“One incendiary image ignites the next in this highly combustible procedural…written with a ferocious passion that’ll knock the wind out of you.” —The New York Times Book Review
“Fine Southern storytelling meets hard-boiled crime in a tale that connects an overlooked chapter of history to our own continuing struggles with race today.” —Charles Frazier, bestselling author of Cold Mountain
“This page-turner reads like the best of James Ellroy.” —Publishers Weekly, starred review
“In the way the story is told coupled with its heightened racial context, Darktown reminded me of Walter Mosley or a George Pelecanos novel.” —Milwaukee Journal Sentinel
“High-quality…crime fiction with a nimble sense of history…quick on its feet and vividly drawn.” —Dallas Morning News
“Some books educate, some books entertain, Thomas Mullen’s Darktown is the rare book that does both.” —Huffington Post
Award-winning author Thomas Mullen is a “wonderful architect of intersecting plotlines and unexpected answers”(The Washington Post) in this timely and provocative mystery and brilliant exploration of race, law enforcement, and justice in 1940s Atlanta.
Responding to orders from on high, the Atlanta Police Department is forced to hire its first black officers, including war veterans Lucius Boggs and Tommy Smith. The newly minted policemen are met with deep hostility by their white peers; they aren’t allowed to arrest white suspects, drive squad cars, or set foot in the police headquarters.
When a woman who was last seen in a car driven by a white man turns up dead, Boggs and Smith suspect white cops are behind it. Their investigation sets them up against a brutal cop, Dunlow, who has long run the neighborhood as his own, and his partner, Rakestraw, a young progressive who may or may not be willing to make allies across color lines. Among shady moonshiners, duplicitous madams, crooked lawmen, and the constant restrictions of Jim Crow, Boggs and Smith will risk their new jobs, and their lives, while navigating a dangerous world—a world on the cusp of great change.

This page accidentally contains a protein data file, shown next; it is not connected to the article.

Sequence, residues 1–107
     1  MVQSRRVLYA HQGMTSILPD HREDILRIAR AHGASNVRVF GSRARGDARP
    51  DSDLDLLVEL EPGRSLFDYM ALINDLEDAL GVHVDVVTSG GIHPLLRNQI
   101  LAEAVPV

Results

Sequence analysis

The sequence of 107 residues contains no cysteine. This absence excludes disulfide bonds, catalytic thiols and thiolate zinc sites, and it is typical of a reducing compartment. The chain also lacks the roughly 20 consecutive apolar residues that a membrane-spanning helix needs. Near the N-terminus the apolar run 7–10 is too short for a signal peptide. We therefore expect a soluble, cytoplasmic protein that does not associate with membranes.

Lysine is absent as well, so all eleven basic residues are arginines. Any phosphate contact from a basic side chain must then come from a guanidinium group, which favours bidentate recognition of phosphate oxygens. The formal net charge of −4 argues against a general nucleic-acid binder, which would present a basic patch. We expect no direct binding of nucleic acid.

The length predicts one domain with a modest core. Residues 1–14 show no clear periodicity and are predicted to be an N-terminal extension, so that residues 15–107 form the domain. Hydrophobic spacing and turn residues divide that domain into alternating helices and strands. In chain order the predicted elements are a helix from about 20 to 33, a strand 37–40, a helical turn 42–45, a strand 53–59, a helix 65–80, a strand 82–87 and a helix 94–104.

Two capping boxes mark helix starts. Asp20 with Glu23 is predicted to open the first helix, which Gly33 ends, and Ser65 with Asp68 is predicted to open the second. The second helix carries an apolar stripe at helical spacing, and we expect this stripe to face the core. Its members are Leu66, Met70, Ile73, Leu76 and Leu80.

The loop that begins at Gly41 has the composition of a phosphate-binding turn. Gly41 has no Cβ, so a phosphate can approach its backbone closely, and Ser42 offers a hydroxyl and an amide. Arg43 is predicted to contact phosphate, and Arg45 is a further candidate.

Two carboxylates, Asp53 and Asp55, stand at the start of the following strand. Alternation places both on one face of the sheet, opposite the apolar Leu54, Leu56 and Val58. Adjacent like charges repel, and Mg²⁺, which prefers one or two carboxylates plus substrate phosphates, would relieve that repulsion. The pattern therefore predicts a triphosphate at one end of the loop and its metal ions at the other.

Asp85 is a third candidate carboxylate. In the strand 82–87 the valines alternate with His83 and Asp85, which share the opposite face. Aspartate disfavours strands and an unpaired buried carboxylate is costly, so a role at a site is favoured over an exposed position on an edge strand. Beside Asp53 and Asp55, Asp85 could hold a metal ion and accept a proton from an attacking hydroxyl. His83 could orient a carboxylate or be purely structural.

A vivid, smart, intricately plotted crime saga that explores the timely issues of race, law enforcement, and the uneven scales of justice.
Mullen (The Revisionists) uses the lens of a twisted murder mystery to unsettle readers with his unflinching look at racism in post-WWII Atlanta. That city has just hired its first black police officers, but the eight men given the responsibility for guarding black neighborhoods are still relegated to second-class status. For example, they're barred from wearing their police uniforms when traveling to and from court to testify. One of those officers, Lucius Boggs, ends up being responsible for a sensitive murder investigation after Brian Underhill, a drunken white man, drives his car into a lamppost in a black neighborhood. Underhill was released without charge by the white officers who showed up at the scene, but Lily Ellsworth, the black woman who was his passenger, is found dead later on, abandoned in an alley like a piece of trash. Underhill's status as a former cop and the low value placed on black lives make the probe into Lily's death a perilous one, for both Boggs and a white officer who's uneasy with his department's violent racism. This page-turner reads like the best of James Ellroy.